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Justice Is Served


December 9, 2009 1:07 AM

Hall of Famer, Robbie Alomar? Absolutely!

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Roberto Alomar is a first-ballot Hall of Famer -- period.

No discussion. No doubt about it, either.

For in the game's history, no second baseman had hands any softer than his. Alomar gobbled up baseballs like Pacman. To see him play every day, as I did during his two seasons with the Indians, was like watching Pablo Picasso paint or Placido Domingo sing "Don Rodrigo."

Had dance been his calling, Alomar would have been Rudolph Nureyev or Michael Jackson.

Alomar didn't cover ground around the second base bag; he reigned over the region. Hit a ball anywhere near the right side of the infield, and count on one thing: Alomar's making the play.

With the glove, no second baseman in my memory -- and my memory on things baseball stretches into the '60s -- was his superior; perhaps none was his equal. People rave about Bill Mazeroski, Nellie Fox, Joe Morgan, Ryne Sandberg, Lou Whitaker, Craig Biggio, Frank White and Jackie Robinson; these men were splendid with their gloves, too. Compared to Alomar, all were Camaro V8s; he was a Corvette.

It was his glove, however, that always defined Alomar and his career. He won 10 Gold Gloves, and why that total wasn't two or three Gold Gloves higher puzzles me still. As a second baseman, he was the best fielder there ever was.

So I can't imagine how any person with a Hall of Fame vote -- and I don't have one, by the way -- can leave Alomar's name off the ballot and not be ashamed for doing so. What more could Alomar have done?


His game was complete. He made the All-Star team 12 times, no insignificant achievement this; he batted .300, knocked in 1,134 runs and stole 474 bases during his career. If these numbers don't show Alomar's credentials are bona fide for a first-ballot Hall-of-Fame induction, nothing else does.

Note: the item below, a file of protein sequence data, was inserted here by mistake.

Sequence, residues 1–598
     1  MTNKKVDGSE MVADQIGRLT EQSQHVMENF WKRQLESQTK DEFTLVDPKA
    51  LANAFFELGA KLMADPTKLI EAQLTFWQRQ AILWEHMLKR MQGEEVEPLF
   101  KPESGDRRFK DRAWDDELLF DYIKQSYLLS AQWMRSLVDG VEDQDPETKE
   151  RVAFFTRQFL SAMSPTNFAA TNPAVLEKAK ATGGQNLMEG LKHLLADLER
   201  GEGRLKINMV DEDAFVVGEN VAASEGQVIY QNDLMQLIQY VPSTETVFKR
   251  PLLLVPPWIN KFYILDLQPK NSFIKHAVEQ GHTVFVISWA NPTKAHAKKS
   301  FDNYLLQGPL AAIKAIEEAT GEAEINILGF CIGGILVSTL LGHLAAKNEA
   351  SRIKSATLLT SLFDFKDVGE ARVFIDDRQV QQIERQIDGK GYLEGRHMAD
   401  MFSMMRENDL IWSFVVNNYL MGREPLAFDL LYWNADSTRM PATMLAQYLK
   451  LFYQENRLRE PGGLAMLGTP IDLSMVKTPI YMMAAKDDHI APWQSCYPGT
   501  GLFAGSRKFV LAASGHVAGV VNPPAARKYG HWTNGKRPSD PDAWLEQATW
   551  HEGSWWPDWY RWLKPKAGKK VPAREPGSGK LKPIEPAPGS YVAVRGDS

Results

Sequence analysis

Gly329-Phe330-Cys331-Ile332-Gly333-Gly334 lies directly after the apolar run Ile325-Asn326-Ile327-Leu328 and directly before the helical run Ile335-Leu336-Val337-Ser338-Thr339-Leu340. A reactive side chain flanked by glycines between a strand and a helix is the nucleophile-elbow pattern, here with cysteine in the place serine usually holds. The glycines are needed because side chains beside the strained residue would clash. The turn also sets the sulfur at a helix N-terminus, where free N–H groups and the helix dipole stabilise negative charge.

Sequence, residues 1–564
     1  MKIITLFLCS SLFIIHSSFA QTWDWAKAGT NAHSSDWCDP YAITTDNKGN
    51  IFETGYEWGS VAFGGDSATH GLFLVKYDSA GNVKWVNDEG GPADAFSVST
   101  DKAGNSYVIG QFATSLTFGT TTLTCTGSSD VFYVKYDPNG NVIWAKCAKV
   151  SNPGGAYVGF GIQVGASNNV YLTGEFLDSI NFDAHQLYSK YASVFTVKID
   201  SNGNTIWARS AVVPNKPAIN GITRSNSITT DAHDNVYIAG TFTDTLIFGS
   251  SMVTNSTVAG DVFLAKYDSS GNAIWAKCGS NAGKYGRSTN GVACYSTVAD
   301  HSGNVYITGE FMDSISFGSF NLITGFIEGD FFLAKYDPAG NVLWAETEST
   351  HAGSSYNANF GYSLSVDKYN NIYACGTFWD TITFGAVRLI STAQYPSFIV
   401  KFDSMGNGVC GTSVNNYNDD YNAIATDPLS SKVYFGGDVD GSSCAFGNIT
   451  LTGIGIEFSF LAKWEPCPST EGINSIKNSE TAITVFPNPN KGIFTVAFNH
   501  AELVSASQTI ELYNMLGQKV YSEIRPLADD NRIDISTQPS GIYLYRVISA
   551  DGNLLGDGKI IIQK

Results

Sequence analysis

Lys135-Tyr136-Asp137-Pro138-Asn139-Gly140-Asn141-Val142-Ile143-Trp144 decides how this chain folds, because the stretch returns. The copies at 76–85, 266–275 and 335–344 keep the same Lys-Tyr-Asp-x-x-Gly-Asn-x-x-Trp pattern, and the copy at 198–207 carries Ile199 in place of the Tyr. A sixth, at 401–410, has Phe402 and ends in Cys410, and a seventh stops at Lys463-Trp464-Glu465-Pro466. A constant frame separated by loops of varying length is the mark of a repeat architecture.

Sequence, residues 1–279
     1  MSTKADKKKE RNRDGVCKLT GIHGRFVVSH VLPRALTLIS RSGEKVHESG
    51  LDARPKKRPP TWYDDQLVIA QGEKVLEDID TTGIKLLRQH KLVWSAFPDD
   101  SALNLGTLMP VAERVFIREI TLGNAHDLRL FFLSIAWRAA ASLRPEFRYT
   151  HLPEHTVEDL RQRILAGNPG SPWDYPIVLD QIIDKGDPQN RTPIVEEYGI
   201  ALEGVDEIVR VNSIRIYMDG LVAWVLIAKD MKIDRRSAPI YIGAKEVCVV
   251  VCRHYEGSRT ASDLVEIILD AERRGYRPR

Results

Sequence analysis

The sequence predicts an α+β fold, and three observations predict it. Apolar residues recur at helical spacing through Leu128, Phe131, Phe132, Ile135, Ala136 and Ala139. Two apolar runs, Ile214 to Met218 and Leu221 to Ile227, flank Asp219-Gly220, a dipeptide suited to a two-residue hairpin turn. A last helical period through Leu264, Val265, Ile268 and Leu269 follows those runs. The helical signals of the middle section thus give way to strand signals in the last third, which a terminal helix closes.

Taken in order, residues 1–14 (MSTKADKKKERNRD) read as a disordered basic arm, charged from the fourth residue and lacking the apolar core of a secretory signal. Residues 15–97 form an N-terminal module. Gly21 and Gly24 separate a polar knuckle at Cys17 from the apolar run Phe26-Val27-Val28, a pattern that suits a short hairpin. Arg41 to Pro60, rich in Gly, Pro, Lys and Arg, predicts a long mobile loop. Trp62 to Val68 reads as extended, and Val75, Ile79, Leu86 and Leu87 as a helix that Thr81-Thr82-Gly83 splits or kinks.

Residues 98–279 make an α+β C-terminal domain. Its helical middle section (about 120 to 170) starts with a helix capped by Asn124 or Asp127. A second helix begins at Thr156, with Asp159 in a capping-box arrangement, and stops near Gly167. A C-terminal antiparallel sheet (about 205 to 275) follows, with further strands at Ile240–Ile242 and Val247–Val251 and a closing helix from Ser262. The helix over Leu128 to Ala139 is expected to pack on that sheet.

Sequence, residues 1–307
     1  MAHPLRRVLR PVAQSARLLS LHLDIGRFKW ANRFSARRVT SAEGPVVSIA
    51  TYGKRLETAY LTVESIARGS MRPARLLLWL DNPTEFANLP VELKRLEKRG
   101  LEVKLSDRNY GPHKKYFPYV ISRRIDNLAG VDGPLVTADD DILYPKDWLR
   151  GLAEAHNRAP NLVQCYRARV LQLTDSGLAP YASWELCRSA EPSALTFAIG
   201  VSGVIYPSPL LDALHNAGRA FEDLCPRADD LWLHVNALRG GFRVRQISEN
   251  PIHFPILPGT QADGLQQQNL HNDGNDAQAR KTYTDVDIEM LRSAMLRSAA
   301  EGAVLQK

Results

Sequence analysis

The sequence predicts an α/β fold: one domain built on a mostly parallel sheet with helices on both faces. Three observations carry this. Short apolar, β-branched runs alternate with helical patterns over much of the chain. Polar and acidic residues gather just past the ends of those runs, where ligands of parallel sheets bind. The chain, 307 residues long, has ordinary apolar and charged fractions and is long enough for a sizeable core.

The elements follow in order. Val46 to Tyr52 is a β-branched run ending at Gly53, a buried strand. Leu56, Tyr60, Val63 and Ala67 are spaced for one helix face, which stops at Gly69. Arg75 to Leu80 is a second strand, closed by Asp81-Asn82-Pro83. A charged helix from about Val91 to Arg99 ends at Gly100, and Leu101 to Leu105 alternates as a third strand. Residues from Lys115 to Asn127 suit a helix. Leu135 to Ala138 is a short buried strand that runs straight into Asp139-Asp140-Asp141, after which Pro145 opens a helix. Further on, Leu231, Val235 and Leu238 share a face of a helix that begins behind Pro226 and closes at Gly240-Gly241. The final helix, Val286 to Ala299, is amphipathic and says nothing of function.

Every team Alomar played for he made better. During his 17-year career, he won championships, and he was a no-doubt-about-it star, which is what first-ballot Hall of Famers ought to be.

I'm guessing some of Alomar's critics will hold his spitting on umpire John Hirschbeck in 1996 against him. The incident does sully his character. But didn't Alomar, playing for the Orioles at the time, apologize for it -- countless times?

He made amends, didn't he?

In a gesture of his sincerity, Alomar, the son of a Major Leaguer, chipped in $50,000 and his time to help Hirschbeck raise money for ALD, a crippling disease that had killed the umpire's son.

Alomar and Hirschbeck have built a bond that canceled any ill-will they might have held against each other. Besides, the incident was so long ago that a casual baseball fan might have forgotten it altogether. No baseball fan, though, can forget what kind of player Alomar was.

He was the best at what he did - as good as anybody else who ever played the position. He was to second base what Ozzie Smith was to shortstop. Alomar also avoided the taint of 'roids, a rarity among stars from the 1990s.

So if Roberto Alomar isn't Hall of Fame worthy -- first-ballot variety -- then the standards for induction have grown to the point that nobody is going to get in again.

They might as well close Cooperstown.

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